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Healthy Eating for Women

Itching and Bloating and Hives, Oh My!

The differences between food allergies, intolerances and sensitivity. Plus, how to identify the problem and what to do about it.

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The food you eat is directly connected to your overall health, but not all food is good for all people. In fact, some can be downright deadly. Fortunately, these days, entire grocery aisles are devoted to products, such as gluten-free, formulated for specific populations, and labeling has become more sophisticated to warn of potential allergens. However, while the common consciousness has come to accept terms like peanut allergy, gluten sensitivity and lactose intolerance as rote, many people are still not clear on what these terms really mean.

Here’s a quick overview of each issue — how to identify it, how to treat it and what to do if you’re being affected by it. Knowledge like this could possibly help save your life, or the life of someone else.

Food Allergy

  • Comes on suddenly
  • Happens every time you eat the food, even if it’s a little bit
  • Can be life-threatening

A food allergy results when the immune system mistakenly identifies a harmless food as a threat and attacks it, creating antibodies to fight the perceived allergen. This causes a release of chemicals such as histamines into the body, which results in inflammation and symptoms such as itchiness, rashes, stomach pain, chest pain and respiratory issues. In the most severe cases, these reactions are immediate and can be life-threatening.

What to do: If you think you or someone else is experiencing a food allergy and are unsure of its severity, get to a hospital or ER immediately. If you’ve been diagnosed with an allergy, carry an EpiPen with you at all times, or, if your allergy is less severe, carry antihistamines or bronchodilators to alleviate your symptoms.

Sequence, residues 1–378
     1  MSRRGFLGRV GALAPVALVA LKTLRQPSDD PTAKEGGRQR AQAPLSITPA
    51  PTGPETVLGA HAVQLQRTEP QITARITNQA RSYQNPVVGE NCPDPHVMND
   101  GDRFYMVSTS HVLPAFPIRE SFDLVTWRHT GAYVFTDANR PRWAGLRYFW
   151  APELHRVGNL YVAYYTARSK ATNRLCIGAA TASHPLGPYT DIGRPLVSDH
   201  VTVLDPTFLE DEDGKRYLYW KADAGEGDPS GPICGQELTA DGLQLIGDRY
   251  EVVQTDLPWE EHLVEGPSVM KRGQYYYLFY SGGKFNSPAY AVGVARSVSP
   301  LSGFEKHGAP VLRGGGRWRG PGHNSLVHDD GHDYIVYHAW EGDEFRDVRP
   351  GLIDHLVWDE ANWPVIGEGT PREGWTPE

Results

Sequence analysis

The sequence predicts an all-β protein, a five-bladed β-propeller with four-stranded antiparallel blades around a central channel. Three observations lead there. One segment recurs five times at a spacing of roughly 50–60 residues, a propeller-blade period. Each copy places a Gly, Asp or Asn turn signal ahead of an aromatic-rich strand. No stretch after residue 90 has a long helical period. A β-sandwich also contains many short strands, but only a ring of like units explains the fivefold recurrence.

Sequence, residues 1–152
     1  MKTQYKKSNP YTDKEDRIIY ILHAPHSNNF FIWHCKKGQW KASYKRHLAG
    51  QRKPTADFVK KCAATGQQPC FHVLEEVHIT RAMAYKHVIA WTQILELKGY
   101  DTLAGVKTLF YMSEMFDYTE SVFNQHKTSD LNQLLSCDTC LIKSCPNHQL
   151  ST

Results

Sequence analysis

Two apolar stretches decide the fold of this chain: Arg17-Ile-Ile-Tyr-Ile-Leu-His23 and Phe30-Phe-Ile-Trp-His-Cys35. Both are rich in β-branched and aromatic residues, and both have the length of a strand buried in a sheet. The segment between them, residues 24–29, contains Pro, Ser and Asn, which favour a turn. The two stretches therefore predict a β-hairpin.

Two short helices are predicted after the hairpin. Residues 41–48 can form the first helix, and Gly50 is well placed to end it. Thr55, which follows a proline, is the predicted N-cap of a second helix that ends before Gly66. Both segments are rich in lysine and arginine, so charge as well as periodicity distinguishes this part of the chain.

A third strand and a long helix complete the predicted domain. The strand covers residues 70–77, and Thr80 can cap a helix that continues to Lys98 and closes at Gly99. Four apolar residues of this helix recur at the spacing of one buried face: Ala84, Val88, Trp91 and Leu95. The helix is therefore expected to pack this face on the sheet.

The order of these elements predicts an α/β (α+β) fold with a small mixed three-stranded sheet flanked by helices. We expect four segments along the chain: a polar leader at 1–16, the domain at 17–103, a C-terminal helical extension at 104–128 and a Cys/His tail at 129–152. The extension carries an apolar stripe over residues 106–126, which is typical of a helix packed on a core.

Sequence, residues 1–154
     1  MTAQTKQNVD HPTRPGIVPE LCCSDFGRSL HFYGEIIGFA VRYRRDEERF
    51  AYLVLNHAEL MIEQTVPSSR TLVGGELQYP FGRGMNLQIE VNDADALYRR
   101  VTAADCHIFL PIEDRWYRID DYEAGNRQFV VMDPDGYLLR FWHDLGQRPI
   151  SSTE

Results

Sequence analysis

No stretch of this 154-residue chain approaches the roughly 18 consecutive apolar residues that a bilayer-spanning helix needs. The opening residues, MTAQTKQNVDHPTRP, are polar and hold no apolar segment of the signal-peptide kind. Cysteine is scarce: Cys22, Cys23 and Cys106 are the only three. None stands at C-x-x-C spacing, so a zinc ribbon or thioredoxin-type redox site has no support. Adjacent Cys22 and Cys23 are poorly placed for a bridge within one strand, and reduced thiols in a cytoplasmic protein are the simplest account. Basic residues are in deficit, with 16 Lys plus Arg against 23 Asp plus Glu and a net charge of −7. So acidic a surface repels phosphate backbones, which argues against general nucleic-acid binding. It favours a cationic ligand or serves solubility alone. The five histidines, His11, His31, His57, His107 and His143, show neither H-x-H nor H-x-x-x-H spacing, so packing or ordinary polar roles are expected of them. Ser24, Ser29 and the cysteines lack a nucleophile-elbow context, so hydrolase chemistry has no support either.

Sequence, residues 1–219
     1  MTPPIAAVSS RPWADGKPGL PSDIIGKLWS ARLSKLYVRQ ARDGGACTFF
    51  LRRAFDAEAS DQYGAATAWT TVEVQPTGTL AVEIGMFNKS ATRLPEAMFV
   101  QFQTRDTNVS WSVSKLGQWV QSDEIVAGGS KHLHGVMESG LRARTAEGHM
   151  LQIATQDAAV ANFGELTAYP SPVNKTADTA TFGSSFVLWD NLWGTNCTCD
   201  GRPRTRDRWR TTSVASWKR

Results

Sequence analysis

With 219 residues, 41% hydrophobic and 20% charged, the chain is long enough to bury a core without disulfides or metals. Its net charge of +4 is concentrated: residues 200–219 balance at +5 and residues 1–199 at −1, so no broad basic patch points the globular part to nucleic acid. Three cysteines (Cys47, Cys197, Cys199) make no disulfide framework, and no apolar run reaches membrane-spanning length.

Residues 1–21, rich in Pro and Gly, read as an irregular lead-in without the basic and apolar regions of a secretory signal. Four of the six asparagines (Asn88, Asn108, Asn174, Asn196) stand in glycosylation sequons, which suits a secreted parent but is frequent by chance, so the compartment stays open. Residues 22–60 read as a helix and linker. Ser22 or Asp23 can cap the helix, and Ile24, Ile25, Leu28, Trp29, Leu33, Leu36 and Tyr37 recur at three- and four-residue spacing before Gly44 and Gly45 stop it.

The top 8 allergenic foods

  • Cow’s milk
  • Eggs
  • Fish
  • Peanuts
  • Shellfish
  • Soy
  • Tree nuts
  • Wheat

Food Intolerance

  • Comes on gradually
  • May happen when you eat a lot of the food or eat it often
  • Is not life-threatening

Food intolerance is characterized by a difficulty in digesting certain foods. Unlike a food allergy, which triggers your immune system, a food intolerance does not elicit a histamine response. An intolerance can be caused by different factors such as poor nutrition, reactions to food additives, and even a lack of digestive enzymes required to break down particular foods, such as lactose in dairy. Symptoms of food intolerance are varied and include bloating, gas, headache, diarrhea, cough, runny nose, stomachache or hives.

What to do: If you suspect you’ve got a food intolerance, keep a food log and try eliminating the offending item from your diet for several weeks. Note how you feel. Then be a guinea pig for yourself and have a little of the food you believe is causing the issue, and again see how you feel. If you know you’ve got an intolerance, avoidance of that food is recommended. In addition, look into testing options to evaluate any food sensitivities or reactions you might have. Like allergy tests, these tests are often easy to secure through a health-care professional and can provide significant insight into autoimmune responses (in which your body attacks its own healthy tissues) to certain foods.

Most common food intolerance: lactose, which is found in milk and dairy.

Food Sensitivity

  • Comes on gradually
  • Symptoms may be delayed several days after ingesting
  • Can cause long-term damage

Food sensitivity is perhaps the most complicated issue because it presents with symptoms of both food intolerances and allergies, such as hives, rashes, wheezing and runny nose. But unlike the other two, a sensitivity also can cause things such as mood swings, brain fog, joint pain, bad breath, constipation, depression and fatigue. And though symptoms can be less severe or obvious, the possibility of long-term damage is real. For example, celiac disease: When individuals with celiac disease ingest gluten, their immune system responds by attacking the small intestine, ultimately damaging the intestinal tissue. If left untreated, celiac disease can lead to the development of other autoimmune disorders.

What to do: Identify trigger foods that you “can’t live without,” then try to live without them (or at least cut back on their intake). Why? Continual intake of foods you crave can actually bring on a sensitivity to them. As with an intolerance, log your food intake for a while and note any correlation with feeling unwell. Additionally, try to eliminate foods that are known to be allergenic and cause inflammation.